John Stelzer doubled on keys and wind instruments, with vocalist Bill Bendler covering both pianos and electric trombone, apparently. Stelzer's Mellotron work is fairly sparse, with just a few string chords at the end of Sister Sea, although The Only One Around has a little more, scattered throughout the song. Hazy May would definitely have benefitted from its inclusion, but he opted to confine its use to the two tracks on side one, making me think that they almost certainly didn't own a machine, but used the studio's own/hired one in for the session.
So; an OK, so-so sort of album, with a few bright spots, raising it above the 'three star quagmire' of albums about which I can't get even vaguely enthused. I didn't pay that much for my copy, but it was still probably slightly too much. In other words, pick up if you see it cheap.
Streetcore (2003, 41.58) ***½/T½
Get Down Moses
The Long Shadow
Arms Aloft in Aberdeen
Ramshackle Day Parade
All in a Day
Silver & Gold
John "Joe Strummer" Mellor never really lost his status as 'punk icon' after the Clash finally (and messily) dissolved, even during his 'wilderness years' of the '90s. He worked his way through various bands and lineups, finally settling on the Mescaleros in the late '90s; he'd just finished recording their third album, Streetcore, when he tragically died of a heart attack, aged just 50. The album's really very good; from the propulsive Coma Girl through the American folk of The Long Shadow (written for Johnny Cash, where Strummer finally, posthumously earns his '70s nickname, Woody), to his reggae-free take on Bob Marley's Redemption Song.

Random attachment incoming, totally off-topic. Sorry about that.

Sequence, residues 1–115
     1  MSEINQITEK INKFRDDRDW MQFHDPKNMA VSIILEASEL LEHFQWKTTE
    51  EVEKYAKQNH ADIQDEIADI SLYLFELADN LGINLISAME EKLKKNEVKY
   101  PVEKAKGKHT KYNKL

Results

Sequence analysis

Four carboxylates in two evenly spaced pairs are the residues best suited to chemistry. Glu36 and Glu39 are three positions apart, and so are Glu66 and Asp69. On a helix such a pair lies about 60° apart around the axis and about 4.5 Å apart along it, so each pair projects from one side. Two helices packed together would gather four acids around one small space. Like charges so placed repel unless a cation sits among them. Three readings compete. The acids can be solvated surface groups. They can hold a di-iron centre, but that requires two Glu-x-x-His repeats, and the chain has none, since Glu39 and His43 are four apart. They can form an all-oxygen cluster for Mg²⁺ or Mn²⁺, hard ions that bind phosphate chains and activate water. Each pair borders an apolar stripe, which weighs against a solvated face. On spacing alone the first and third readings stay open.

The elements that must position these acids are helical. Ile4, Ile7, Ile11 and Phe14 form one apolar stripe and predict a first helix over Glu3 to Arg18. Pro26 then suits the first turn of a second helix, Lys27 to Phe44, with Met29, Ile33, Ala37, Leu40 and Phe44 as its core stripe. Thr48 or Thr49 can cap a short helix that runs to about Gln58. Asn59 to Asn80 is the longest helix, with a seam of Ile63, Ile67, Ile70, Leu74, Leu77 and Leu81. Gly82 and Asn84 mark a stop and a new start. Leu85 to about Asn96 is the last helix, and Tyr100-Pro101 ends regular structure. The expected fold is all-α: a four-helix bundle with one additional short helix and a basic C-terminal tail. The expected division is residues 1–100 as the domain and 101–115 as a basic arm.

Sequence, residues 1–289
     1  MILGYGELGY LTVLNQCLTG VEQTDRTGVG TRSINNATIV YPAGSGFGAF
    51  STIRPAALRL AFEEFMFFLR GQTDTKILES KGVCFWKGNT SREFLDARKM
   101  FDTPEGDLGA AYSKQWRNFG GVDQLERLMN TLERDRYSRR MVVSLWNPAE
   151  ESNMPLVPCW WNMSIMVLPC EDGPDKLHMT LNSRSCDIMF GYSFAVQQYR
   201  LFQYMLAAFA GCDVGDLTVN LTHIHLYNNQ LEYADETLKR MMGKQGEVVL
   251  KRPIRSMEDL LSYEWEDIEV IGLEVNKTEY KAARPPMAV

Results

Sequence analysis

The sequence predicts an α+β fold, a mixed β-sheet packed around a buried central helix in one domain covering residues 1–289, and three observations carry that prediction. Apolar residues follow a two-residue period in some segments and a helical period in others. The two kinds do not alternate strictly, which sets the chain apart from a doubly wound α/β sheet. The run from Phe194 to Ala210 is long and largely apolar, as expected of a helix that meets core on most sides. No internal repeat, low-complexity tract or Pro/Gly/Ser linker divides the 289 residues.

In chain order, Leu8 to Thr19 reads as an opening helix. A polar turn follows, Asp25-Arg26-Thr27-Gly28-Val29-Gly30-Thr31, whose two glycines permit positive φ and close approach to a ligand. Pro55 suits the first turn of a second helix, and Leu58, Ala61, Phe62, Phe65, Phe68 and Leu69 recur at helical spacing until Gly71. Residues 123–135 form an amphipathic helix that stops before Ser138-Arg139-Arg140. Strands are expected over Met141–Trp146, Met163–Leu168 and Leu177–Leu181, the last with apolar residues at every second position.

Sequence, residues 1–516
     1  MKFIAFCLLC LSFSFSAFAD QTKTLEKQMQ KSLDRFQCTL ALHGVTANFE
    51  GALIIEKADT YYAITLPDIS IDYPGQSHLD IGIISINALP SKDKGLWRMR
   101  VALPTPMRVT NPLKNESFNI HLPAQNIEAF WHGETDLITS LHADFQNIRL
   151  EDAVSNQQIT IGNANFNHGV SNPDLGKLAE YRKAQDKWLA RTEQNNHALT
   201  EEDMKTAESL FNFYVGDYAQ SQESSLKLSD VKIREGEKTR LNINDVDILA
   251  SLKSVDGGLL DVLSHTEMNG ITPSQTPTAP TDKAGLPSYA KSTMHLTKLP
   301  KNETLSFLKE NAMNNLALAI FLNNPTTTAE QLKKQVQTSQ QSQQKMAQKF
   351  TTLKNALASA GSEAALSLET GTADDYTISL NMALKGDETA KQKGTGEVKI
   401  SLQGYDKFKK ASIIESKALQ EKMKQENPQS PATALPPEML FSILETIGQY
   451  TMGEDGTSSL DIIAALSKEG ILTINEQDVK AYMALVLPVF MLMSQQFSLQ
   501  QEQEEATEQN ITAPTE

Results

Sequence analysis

Martin Slattery plays Mellotron and Chamberlin; I can already hear some wizened old mohawks whinging that those instruments 'aren't very punk' (not that they're likely to read this site, but you know what I mean...). Well, you know what? Not only does none of Strummer's solo work fit into that straitjacket, but neither does most of the Clash's back catalogue; even their 'none more punk' debut has a six-minute reggae track on it... Anyway, Slattery sticks some cranky-sounding (Mellotron?) strings onto Burnin' Streets, which sounds like a belated answer to The Clash's London's Burning, from 25 years earlier and what may be Chamberlin strings and Mellotron flutes on the following Midnight Jam, which quotes London Calling this time.